P = FGA – OR + TO + .475*FTA, where:

  • FGA is Field Goal Attempts
  • OR is Offensive Rebounds
  • TO is Turnovers
  • FTA is Free Throw Attempts

This makes sense, right? FGAs are the end of a possession, unless there is an offensive rebound extending that possession (thus the subtraction). TOs also end a possession. The only goofy part there is the FTA term. If a player goes to the line for two (or three!) free throws, including one-and-ones, that’s considered a possession for his team — that means he was fouled in the act of shooting (or prior to shooting, in bonus situations, etc.), nullifying the associated FGA. If he goes to the line for just one attempt, however, that means he made the previous shot, and the possession is already captured in the FGA term. The 0.475 coefficient estimates how many FTAs end up constituting a discrete possession, and is based on analysis of play-by-play data.

The number of possessions in a game is greatly dependent on tempo

This is also pretty straightforward. Basketball has its Oregons and Philadelphias too, and they tend to score a lot more points than everybody else. The most famous example of recent times were the “7 seconds or less” Phoenix Suns of the mid-to-late 2000s, but the effect is definitely present in college basketball as well. Looking at scoring on a per-possession level accounts for this of course, but knowing which teams like to play fast is important as well. The faster team dictates pace in basketball more than it does in football, due to that continuous nature we just talked about. Part of the reason those Suns teams were so successful is they forced their opponents out of their comfort zone, making them play faster and play more possessions than they were used to playing. If team A is like the Suns and team B is doing a whole 1950s throwback kinda vibe, that’s something you’re going to want to look at.

Schedule — who you play and who they play — is the most important thing of all

Strength of schedule (SOS) is just as critical in basketball as it is in any true team sport. If you pile up offensive efficiencies in the 110s and defensive ones in the 80s, that’s great for you! If you did it against a bunch of Abilene Christians and Lamars, then it means nothing! If you play the Kentuckys and Kansases of the world and put up those same numbers, you’re probably winning a national title.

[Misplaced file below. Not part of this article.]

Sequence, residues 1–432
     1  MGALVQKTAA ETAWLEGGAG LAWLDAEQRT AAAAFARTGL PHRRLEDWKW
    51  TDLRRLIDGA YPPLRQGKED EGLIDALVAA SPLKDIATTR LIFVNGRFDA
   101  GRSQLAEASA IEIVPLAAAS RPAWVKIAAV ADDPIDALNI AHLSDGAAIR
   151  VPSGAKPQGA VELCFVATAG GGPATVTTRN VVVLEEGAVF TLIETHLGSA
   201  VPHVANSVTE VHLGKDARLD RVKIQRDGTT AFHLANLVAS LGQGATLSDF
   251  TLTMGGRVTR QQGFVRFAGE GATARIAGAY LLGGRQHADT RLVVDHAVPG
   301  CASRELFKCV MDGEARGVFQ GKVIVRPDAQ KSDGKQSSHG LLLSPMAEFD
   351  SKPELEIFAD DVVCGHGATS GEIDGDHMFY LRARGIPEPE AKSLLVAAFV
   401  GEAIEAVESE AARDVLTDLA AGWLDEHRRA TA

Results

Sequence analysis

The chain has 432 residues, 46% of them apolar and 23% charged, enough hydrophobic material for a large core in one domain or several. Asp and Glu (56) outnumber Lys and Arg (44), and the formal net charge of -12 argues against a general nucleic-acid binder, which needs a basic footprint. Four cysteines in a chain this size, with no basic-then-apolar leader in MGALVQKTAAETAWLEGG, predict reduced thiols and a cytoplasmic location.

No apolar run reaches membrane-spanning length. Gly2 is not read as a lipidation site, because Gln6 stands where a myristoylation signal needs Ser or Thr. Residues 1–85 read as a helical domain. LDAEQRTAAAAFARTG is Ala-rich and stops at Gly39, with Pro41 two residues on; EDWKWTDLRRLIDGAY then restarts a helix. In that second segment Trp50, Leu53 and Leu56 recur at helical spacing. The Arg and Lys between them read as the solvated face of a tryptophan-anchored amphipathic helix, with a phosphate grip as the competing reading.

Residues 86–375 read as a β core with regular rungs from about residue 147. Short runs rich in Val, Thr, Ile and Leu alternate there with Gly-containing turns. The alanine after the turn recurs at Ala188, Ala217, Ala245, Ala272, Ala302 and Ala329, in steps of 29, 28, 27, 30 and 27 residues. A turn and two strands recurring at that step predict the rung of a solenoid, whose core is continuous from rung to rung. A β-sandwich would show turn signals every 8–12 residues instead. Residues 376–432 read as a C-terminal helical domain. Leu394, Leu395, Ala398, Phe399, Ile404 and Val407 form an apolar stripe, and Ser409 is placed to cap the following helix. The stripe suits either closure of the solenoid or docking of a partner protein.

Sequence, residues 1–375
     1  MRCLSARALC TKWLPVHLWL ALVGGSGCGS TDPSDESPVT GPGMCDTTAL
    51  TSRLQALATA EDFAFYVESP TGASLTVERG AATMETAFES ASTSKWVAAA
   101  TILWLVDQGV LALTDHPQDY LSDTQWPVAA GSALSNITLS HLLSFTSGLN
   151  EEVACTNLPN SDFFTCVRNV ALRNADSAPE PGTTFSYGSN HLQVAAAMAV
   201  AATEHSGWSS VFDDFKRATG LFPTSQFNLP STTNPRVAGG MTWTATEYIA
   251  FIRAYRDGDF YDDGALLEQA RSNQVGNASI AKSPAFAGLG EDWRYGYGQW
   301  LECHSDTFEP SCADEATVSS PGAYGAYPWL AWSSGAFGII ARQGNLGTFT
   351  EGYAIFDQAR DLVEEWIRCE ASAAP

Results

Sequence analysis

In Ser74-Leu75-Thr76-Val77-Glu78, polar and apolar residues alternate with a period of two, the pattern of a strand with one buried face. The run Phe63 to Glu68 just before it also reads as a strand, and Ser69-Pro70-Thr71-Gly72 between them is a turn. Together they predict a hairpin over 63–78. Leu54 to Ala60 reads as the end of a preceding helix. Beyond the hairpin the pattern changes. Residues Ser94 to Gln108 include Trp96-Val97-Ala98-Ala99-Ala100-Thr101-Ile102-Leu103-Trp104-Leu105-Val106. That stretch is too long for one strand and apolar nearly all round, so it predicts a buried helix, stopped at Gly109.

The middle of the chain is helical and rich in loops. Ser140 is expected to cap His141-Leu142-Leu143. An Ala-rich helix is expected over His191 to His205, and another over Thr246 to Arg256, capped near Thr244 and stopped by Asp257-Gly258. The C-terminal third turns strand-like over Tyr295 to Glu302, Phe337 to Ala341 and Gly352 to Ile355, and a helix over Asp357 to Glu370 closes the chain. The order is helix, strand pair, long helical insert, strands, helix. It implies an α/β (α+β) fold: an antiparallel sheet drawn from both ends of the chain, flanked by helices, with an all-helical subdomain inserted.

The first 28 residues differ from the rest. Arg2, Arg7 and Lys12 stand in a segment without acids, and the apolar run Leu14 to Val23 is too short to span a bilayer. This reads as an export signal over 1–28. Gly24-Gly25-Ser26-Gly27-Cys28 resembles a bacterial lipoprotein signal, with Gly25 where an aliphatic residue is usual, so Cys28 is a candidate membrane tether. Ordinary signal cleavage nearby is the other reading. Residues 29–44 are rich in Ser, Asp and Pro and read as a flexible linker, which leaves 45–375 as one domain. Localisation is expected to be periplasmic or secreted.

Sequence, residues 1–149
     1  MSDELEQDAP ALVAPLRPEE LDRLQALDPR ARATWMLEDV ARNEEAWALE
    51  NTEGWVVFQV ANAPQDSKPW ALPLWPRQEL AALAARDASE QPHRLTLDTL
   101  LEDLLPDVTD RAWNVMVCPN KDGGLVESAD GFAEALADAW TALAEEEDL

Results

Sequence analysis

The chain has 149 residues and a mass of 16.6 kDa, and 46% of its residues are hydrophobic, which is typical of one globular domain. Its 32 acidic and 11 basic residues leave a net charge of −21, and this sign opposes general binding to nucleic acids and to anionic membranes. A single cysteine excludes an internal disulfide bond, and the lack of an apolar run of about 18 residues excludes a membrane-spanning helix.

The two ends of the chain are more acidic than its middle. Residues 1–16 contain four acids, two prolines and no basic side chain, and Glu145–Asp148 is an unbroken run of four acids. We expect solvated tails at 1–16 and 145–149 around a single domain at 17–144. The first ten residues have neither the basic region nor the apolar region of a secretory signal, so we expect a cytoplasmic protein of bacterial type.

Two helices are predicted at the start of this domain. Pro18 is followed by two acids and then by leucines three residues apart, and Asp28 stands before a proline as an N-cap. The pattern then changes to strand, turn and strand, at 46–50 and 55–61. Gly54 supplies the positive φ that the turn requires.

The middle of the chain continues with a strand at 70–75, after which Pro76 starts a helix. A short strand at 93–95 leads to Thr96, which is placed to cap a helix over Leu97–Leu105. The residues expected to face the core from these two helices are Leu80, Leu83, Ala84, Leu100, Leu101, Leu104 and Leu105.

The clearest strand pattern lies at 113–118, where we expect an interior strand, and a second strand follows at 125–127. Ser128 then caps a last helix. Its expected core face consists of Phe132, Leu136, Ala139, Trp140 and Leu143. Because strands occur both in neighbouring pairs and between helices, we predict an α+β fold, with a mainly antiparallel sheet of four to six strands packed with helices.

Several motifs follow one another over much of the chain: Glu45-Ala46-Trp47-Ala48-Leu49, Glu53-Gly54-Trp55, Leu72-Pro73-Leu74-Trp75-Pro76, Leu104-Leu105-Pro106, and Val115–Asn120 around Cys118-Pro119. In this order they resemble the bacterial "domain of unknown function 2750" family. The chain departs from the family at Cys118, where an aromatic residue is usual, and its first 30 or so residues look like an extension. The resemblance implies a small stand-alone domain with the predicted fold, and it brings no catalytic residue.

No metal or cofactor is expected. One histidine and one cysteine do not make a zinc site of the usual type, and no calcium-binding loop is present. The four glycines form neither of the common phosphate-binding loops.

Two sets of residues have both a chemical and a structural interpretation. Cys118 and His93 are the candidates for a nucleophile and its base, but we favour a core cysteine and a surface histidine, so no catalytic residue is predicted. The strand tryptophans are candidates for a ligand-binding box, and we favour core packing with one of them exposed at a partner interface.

The Metrics (aka, The Goods)

To start, let’s check out where the Tide rank at the time this article was written on 20 November 14:

Overall Quality
RPI 0.5984 (89)
PYTH 0.7499 (62)
Luck 0.144 (29)

Efficiency Ratings
OE+ 105.8 (75)
DE+ 96.2 (51)
T+ 69.7 (101)

Schedule Ratings
Schedule PYTH 0.2471 (281)
Opp. OE+ 97.7 (260)
Opp. DE+ 107.7(340)
NCS PYTH 0.2471 (281)

(Bold) numbers indicate national ranking.

I put the date there because by the time you read this, the Tide will have played Southern Miss, and that will cause all of the numbers to change. Unlike the football PTN, expect to see a date attached to the metrics for these articles, as the stuff at is updated on a nightly basis.

In contrast to the Tide’s football metrics, the basketball team is… less good. Keep in mind though that there are 351 teams in Division I basketball vs. the 128 teams in FBS, so 62nd overall is still in the top 20% of teams in the country — it’s not like this team is a dumpster fire or something. Let’s go through each of these metrics and discuss what they mean and what they measure:

RPI: the Ratings Percentage Index

Most casual fans will have definitely heard of this one, as it’s a major criterion used by the selection committee and frequently gets shoved down your throat when seeing coverage on ESPN, CBS, etc. The RPI formula is pretty simple:

RPI = 0.25*WP + 0.5*OWP + 0.25*OOWP, where:

  • WP is a team’s Winning Percentage, simply wins over games played,
  • OWP is the Winning Percentage of a team’s Opponents,
  • and OOWP is the Winning Percentage of a team’s Opponents’ Opponents.

The latter two components combine to form a measure of schedule strength, so RPI is essentially 25% WP and 75% SOS. It combines how you perform with how your opponents perform in one easy-to-reference number. Simple, elegant, and useful, right?

Wrong! There are two big problems with RPI. First of all, there’s no statistical validity to the formula. It’s junk. The coefficients are totally arbitrary. The components are less arbitrary, but still pretty arbitrary. A good ranking metric has a strong theoretical basis, a decent correlation with winning percentage on a seasonal level, and considers as many aspects of play as is reasonable and feasible. RPI has none of those things.

Secondly, margin of victory is nowhere to be found. You beat Central Arkansas7 by 1 point? Gold star for you, good sir! Win at Duke by 25? Gold star for you as well, good sir, and the nation thanks you! Counting those two wins the same makes no sense, and while the SOS portion of the formula mitigates it somewhat it’s not enough. This is sometimes cited as a strength of the formula, as it discourages manipulation of the score for gambling and selection purposes.